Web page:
Date of Award

Spring 5-13-2022

Document Type

Dissertation (799 registration)

Degree Name

Doctor of Education in Educational Leadership


Graduate Studies

Committee Chair

Dr. Ximena Suarez-Sousa


mental health, predictive indicators, risk factors, internalizing behaviors, externalizing behaviors, SRSS-IE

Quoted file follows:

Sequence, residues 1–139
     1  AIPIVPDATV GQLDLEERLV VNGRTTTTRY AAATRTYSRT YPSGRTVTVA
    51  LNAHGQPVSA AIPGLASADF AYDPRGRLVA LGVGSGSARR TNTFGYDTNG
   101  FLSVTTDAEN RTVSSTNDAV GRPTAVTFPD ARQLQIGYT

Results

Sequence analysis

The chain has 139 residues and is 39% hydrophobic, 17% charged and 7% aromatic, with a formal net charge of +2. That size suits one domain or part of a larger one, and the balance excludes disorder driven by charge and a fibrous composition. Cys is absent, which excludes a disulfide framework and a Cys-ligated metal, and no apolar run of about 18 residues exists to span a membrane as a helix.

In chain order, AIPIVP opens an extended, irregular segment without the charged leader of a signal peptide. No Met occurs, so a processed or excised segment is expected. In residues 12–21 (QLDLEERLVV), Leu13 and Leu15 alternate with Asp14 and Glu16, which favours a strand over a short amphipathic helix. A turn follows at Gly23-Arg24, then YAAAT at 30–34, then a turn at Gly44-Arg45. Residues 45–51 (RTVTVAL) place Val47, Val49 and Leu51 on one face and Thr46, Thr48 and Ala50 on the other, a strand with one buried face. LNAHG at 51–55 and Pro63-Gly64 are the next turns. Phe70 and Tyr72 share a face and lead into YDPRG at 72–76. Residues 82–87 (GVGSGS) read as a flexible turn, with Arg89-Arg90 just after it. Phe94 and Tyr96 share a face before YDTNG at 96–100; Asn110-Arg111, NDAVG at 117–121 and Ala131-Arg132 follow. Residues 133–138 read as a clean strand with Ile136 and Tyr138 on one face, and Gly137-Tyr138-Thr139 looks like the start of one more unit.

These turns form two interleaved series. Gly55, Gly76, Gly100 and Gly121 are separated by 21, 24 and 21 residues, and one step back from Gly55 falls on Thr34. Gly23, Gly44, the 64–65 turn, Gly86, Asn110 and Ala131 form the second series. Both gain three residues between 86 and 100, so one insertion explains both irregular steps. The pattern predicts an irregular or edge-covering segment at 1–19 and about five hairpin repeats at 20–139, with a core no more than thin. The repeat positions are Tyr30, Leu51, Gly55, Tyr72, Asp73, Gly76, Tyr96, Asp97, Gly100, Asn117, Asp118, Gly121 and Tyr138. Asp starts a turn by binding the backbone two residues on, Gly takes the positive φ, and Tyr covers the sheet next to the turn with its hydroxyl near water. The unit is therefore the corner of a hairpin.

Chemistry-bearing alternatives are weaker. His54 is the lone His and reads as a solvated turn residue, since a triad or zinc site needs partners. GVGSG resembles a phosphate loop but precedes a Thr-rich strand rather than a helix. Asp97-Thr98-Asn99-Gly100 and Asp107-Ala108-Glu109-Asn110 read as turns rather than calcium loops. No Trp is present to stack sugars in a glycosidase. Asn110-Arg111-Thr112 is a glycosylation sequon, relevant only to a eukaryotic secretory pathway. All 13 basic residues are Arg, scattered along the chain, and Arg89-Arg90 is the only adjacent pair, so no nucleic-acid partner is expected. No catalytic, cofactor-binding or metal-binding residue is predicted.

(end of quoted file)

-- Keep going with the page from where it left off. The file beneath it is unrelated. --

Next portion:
Previous literature demonstrates common childhood characteristics of adults with mental health problems and children with internalizing and externalizing behavior challenges (Fatori et al., 2013; Jaffee et al., 2002; Koegel et al., 1995; Morrissey et al., 2014). Still, little research exists having associated school-based internalizing and externalizing behavior screening scores with the risk factors described in the literature (i.e., low socioeconomic status, office discipline referrals, homelessness, low academic achievement, low attendance rates, and ethnicity- and gender-based issues). This quantitative correlational study aimed to estimate the predictive value the childhood risk factors had on the results of the Student Risk Screening Scale – Internalizing and Externalizing (SRSS-IE) of elementary-aged students through a regression analysis of secondary data. The secondary data were taken from an urban school district in the Midwest. Guided by the life course theory and the age-graded theory of social control, this study explored the predictive value of several indicators. The findings show that the psychosocial risk factors pulled from the research hold predictive value when combined into a composite score with 45-60% accuracy and with 50-65% accuracy when the risk factors are considered individually. The results hold potential for identifying students who are at-risk for mental health difficulties before severe problems exist, allowing for the provision of early, targeted school- and community-based intervention in the areas of social, emotional, and behavioral wellness for students to reduce the likelihood of future mental health problems. The results, implications for schools, and recommendations for future research are discussed.



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